Current questions about language, its use, acquisition, and related disorders can nowadays be tested on empirical grounds that are firmer than ever. Among other developments, the democratization of computer-assisted approaches to linguistic analysis and the fostering of more forward-thinking attitudes toward data sharing have led to new and exciting research opportunities. These advances, and the outcomes they yield, can in turn be used to feed more traditional but still fundamental debates in theoretical linguistics. Modern approaches to corpus-based linguistic studies call for robust systems for databasing and analyzing broad corpora of linguistic data.
The CHILDES project (Child Language Data Exchange System; [url]http://childes.psy.cmu.edu/[/url]) has, over the last 25 years, provided the grounds for thousands of publications in areas ranging from language acquisition to computational linguistics, and provides a model example of this. The PhonBank project broadens the scope of the CHILDES system to include the analysis of phonological development in first and subsequent languages for learners with and without language disorders.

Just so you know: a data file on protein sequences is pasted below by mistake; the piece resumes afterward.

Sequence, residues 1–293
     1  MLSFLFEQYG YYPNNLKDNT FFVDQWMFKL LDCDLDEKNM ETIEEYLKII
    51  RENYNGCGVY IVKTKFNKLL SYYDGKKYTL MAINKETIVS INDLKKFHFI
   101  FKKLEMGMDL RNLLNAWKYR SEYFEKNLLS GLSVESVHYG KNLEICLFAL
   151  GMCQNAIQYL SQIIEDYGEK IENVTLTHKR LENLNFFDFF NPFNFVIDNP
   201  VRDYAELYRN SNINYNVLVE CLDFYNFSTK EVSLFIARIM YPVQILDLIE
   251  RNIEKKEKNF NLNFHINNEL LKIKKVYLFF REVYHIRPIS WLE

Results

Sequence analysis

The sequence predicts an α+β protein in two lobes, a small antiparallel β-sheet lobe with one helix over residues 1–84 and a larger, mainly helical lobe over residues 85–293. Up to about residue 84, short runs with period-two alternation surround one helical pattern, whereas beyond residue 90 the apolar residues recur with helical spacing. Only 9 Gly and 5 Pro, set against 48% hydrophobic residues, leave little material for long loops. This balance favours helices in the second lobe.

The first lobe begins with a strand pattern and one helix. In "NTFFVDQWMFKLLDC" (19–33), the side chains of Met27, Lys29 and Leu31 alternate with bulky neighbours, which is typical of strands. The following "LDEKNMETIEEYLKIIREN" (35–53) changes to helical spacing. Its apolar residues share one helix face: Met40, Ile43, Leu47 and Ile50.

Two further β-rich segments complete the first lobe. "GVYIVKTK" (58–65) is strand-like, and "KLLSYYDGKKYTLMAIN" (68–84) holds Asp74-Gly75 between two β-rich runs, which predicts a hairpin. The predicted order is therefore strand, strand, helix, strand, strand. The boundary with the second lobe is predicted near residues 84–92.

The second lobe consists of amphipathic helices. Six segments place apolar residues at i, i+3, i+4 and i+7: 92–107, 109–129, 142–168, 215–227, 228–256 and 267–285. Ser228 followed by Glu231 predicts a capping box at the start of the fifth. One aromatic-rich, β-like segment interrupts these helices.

Since its inception in 2006, PhonBank has contributed computational and databasing facilities for corpus-based studies of phonological development, many of which can also be used in other areas of corpus phonology, including fieldwork and multilingual studies. Using these tools, researchers can perform systematic investigations based on large, fully transcribed corpora of speech data, a number of which also incorporate audio or video recordings. At the centre of these facilities is Phon, a software program that greatly facilitates a number of tasks required for the analysis of phonological development. Phon, whose development takes place at Memorial University of Newfoundland supports multimedia data linkage, unit segmentation, multiple-blind transcription, automatic labeling of data, and systematic comparisons between target (model) and actual (produced) phonological forms.